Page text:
Base isolation

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Tomb of Cyrus is said to be the oldest base-isolated structure in the world
Snapshot of shake-table testing of a base-isolated (right) and a regular (left) building model
LA City Hall, the tallest base isolated building in the world[1][not in citation given]

Base isolation, also known as seismic base isolation[2] or base isolation system,[3] is one of the most popular means of protecting a structure against earthquake forces.[4] It is a collection of structural elements which should substantially decouple[disambiguation needed] a superstructure from its substructure resting on a shaking ground thus protecting a building or non-building structure's integrity.[5]

Base isolation is one of the most powerful tools of earthquake engineering pertaining to the passive structural vibration control technologies. It is meant to enable a building or non-building structure to survive a potentially devastating seismic impact through a proper initial design or subsequent modifications. In some cases, application of base isolation can raise both a structure's seismic performance and its seismic sustainability considerably. Contrary to popular belief base isolation does not make a building earthquake proof.

Base isolation system consists of isolation units with or without isolation components, where:

  1. Isolation units are the basic elements of a base isolation system which are intended to provide the aforementioned decoupling[disambiguation needed] effect to a building or non-building structure.
  2. Isolation components are the connections between isolation units and their parts having no decoupling effect of their own.

By their response to an earthquake impact, all isolation units may be divided into two basic categories: shear units[6] and sliding units.[7] The first evidence of architects using the principle of base isolation for earthquake protection was discovered in Pasargadae,[8] a city in ancient Persia, now Iran: it goes back to 6th century BC. It works by having a wide and deep stone and mortar foundation, smoothed at the top, upon which a second foundation is built of wide, smoothed stones which are linked together, forming a plate that slides back and forth over the lower foundation in case of an earthquake, leaving the structure intact.[citation needed]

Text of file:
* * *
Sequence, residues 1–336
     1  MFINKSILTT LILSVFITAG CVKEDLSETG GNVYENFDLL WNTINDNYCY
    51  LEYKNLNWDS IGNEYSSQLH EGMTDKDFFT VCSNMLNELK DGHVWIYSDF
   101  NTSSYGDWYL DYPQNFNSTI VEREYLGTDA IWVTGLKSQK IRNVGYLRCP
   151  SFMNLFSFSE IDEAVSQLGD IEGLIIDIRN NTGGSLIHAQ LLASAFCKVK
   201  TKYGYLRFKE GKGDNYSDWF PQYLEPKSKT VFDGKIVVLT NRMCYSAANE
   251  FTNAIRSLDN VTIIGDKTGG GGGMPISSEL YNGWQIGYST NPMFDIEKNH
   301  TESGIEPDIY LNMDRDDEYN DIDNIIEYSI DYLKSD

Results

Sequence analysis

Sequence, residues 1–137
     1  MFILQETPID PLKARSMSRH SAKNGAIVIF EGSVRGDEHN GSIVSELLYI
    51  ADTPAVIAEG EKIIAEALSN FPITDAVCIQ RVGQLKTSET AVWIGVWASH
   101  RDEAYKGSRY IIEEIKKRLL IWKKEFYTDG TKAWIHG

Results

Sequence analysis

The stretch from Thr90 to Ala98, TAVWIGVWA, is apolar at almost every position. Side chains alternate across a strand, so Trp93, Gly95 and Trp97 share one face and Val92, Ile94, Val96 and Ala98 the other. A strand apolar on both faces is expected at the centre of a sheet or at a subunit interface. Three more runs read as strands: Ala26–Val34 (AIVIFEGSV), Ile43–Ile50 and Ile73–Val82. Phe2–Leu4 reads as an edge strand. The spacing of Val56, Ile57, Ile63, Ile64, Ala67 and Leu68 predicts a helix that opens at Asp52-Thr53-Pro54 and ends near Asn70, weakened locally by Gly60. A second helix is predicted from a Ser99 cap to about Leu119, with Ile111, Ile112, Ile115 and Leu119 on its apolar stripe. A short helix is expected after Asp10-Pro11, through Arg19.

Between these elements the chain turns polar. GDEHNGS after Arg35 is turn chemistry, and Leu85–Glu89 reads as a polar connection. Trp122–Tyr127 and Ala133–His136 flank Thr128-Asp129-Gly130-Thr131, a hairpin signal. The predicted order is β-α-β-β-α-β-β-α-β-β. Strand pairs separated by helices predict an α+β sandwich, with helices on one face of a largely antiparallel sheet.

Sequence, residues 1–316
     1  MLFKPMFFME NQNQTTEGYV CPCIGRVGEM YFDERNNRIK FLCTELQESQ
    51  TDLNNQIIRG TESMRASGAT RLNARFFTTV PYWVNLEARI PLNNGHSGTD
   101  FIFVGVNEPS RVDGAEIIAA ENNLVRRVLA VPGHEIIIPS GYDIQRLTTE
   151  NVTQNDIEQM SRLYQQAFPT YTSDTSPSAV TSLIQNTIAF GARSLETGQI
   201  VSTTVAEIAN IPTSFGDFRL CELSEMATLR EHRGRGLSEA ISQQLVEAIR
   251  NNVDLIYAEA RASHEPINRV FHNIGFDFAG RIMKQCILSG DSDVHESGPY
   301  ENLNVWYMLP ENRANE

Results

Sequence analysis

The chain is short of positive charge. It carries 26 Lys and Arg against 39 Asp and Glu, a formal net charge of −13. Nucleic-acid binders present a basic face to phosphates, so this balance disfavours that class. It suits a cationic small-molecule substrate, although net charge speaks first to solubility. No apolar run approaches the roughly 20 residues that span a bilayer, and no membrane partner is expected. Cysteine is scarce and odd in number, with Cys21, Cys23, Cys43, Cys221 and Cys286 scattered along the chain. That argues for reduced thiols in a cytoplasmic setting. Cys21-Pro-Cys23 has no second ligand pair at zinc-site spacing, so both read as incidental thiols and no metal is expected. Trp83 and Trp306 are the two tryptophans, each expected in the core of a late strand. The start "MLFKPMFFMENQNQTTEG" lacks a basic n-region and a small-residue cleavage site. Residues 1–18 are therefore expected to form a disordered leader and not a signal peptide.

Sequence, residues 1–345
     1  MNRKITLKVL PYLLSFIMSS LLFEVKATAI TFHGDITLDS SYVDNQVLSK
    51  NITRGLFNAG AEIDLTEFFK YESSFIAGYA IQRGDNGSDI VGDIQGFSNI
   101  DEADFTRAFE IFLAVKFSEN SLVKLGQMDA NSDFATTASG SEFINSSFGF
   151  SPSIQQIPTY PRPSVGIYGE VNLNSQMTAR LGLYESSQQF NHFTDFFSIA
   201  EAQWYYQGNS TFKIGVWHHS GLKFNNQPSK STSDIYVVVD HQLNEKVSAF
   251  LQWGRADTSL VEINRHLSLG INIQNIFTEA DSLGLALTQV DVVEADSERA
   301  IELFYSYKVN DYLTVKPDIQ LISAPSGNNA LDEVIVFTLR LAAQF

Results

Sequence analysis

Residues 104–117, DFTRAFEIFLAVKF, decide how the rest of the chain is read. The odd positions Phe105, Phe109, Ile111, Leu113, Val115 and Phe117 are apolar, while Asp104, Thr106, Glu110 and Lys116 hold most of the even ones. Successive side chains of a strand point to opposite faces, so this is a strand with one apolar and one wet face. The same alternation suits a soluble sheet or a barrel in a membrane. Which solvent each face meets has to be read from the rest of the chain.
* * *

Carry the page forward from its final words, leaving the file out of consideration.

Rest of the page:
This technology can be used for both new structural design[9] and seismic retrofit. In process of seismic retrofit, some of the most prominent U.S. monuments, e.g. Pasadena City Hall, San Francisco City Hall, Salt Lake City and County Building or LA City Hall were mounted on Base Isolation Systems. It required creating rigidity diaphragms and moats around the buildings, as well as making provisions against overturning and P-Delta Effect.

Base isolation is also used on a smaller scale - sometimes down to a single room in a building. Isolated raised-floor systems are used to safeguard essential equipment against earthquakes. The technique has been incorporated to protect statues and other works of art - see, for instance, Rodin's Gates of Hell at the National Museum of Western Art in Tokyo's Ueno Park.[10]

Base isolation demonstration at The Field Museum in Chicago

Research on base isolation[edit]

Through the George E. Brown, Jr. Network for Earthquake Engineering Simulation (NEES), researchers are studying the performance of base isolation systems.[11] The project, a collaboration among researchers at University of Nevada, Reno; University of California, Berkeley; University of Wisconsin, Green Bay; and the University at Buffalo is conducting a strategic assessment of the economic, technical, and procedural barriers to the widespread adoption of seismic isolation in the United States. NEES resources have been used for experimental and numerical simulation, data mining, networking and collaboration to understand the complex interrelationship among the factors controlling the overall performance of an isolated structural system. This project involves shaking table and hybrid tests at the NEES experimental facilities at the University of California, Berkeley, and the University at Buffalo, aimed at understanding ultimate performance limits to examine the propagation of local isolation failures (e.g., bumping against stops, bearing failures, uplift) to the system level response. These tests, including a full-scale, three-dimensional test of an isolated 5-story steel building on the E-Defense shake table in Miki, Hyogo, Japan, will help fill critical knowledge gaps, validate assumptions regarding behavior and modeling, and provide essential proof-of-concept evidence regarding the importance of isolation technology.[12]

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